Data Center Design Case Studies on Amazon Kindle

If you’re an avid Kindle user, you can buy the Data Center Design Case Studies book on Amazon. Here’s the link, search should find it on most other Amazon marketplaces.

However, if you can survive reading the PDF version, please buy it straight off my web site. Here’s why:

  • When using the Kindle Direct Publishing, Amazon gives the author 35% or 70% of the book sales as royalties. The author gets 70% royalties only if the book costs less than $9.99 (and I don’t believe in 180 pages of design case studies being worth $9.99) and only for sales in certain territories.
  • There’s a 30% withholding tax on royalties earned by non-US entities on

Summary: Best case I’d get 35% for every book sold on Amazon (assuming I manage to win the paperwork war), right now it would be 24.5%. Leaving 75% of book price to third parties that add little value to the process seems like a colossal waste.


  1. It's worth mentioning you can upload PDFs to Kindle.
    1. Yeah, but they're harder to read (next to impossible on my old Kindle), as there's no text reflow.

      My PDFs are, however, optimized for iPad's screen (4:3 ratio, reasonable large text size).
  2. Ivan, two things;

    1. You should be able to create an .epub version of your book that you can sell along with the PDF without too much trouble. This would be a boon for Kindle owners but avoid the need to use KDP. I've used Sigil without too much trouble.

    Based on the UK price of your book of £18.13 you are making only £0.74 more by selling at this price instead of £8 with a 70% royalty. I think your customers would rather not be charged £10 more so you can make an extra 74p. I'd suggest a volume one and two approach would be preferable.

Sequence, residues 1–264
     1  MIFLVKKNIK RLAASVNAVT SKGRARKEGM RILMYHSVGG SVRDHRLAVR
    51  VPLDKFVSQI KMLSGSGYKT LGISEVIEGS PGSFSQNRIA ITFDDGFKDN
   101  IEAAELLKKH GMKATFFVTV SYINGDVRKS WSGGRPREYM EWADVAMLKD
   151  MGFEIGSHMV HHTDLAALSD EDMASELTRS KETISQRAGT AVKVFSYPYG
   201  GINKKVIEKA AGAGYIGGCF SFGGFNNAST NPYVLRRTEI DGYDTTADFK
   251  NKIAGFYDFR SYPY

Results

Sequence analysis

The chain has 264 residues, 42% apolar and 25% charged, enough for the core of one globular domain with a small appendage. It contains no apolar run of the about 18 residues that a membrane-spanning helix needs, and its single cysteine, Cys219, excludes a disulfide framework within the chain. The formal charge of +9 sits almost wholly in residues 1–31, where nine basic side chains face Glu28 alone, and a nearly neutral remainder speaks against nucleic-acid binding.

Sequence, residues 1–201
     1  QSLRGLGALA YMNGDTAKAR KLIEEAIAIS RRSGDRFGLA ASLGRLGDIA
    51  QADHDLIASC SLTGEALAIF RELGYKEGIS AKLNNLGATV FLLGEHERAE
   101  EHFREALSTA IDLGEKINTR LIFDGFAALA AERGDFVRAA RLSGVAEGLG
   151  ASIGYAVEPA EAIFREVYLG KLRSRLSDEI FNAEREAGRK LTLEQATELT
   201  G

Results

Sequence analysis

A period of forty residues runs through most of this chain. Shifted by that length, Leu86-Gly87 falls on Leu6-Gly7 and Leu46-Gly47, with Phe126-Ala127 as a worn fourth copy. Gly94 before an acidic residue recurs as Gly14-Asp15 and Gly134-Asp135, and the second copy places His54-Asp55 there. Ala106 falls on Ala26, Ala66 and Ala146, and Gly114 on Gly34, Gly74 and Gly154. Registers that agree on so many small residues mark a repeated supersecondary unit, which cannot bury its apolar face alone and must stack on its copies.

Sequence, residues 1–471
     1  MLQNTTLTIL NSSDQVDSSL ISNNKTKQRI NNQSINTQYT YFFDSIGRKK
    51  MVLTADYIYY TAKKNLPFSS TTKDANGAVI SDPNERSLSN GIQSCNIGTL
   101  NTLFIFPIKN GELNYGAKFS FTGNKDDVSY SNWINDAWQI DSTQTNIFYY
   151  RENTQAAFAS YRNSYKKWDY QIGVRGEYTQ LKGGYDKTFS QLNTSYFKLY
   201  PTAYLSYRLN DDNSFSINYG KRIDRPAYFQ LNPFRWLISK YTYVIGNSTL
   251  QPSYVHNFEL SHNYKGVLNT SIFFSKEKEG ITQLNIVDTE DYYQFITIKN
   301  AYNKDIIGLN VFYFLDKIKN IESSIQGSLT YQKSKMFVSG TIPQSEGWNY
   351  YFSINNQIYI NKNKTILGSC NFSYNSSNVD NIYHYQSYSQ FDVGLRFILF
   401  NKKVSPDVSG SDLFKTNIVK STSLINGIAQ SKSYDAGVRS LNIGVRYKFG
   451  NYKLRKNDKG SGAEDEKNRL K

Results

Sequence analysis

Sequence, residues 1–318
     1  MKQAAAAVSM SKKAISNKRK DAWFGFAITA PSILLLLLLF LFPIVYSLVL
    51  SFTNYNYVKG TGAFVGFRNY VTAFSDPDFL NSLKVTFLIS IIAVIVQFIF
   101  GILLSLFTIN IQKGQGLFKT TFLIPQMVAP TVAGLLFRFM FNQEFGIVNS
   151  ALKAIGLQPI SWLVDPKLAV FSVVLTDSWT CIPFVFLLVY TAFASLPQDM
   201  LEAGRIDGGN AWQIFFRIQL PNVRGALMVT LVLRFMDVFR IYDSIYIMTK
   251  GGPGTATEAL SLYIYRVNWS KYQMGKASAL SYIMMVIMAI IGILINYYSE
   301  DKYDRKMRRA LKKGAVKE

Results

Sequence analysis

3. Not sure why I picked Anonymous. @sjiveson
  4. Ivan,

    Not to defend Amazon per se, but you do realize you are able to self-publish a book and gain world wide access to buyers 24x7x365 via Amazon's infrastructure investment. Compare that to the cost, logistics and time you would have invested with a traditional "dead tree" publisher and I think there may well be "value" being added.

    As to the "tax witholding" for "non-USA" entities ... well, that gets into unsettled political arguments that are more than 225 years old and so I'll just move on. :-)

    Congrats on the book.
    1. Hi Brook,

      I have absolutely no problem with the sales channel taking 30%. I do have a problem with someone taking 65% because they disagree with my valuation of my work.

      As for "Amazon versus traditional publishers" - Amazon is charging 30% for access to their shelves, whereas the traditional publisher does way more work (been there, done that).

      Finally, I'd appreciate any links you might have that would give me more insight into that centuries-old arguments.

      Thanks for your feedback!
    2. Hi Ivan,

      Perhaps Amazon needs more competition so the prices come down?

      It's the debate that was held from the the enactment of the Articles of Conferation, 1776, unitl the Constitution of the USA was approved in Congress in 1787.

      The debate I referred to is about federal vs. state authority to govern in the USA. When the 16th ammendment (circa WW 1) was ratified, it affirmed that the federal government could levy an income tax on any citizen it wished. The rest is history and has become an enormous mess IMHO. At one point the marginal tax rate was as high as 90% ... which makes Amazon's tithe for being an electronic book store look "cheap". :-) But that's not really any consolation, is it.

      I hope the summer has been pleasant in Ljubljana, my friend. I enjoyed my brief stay there last June.

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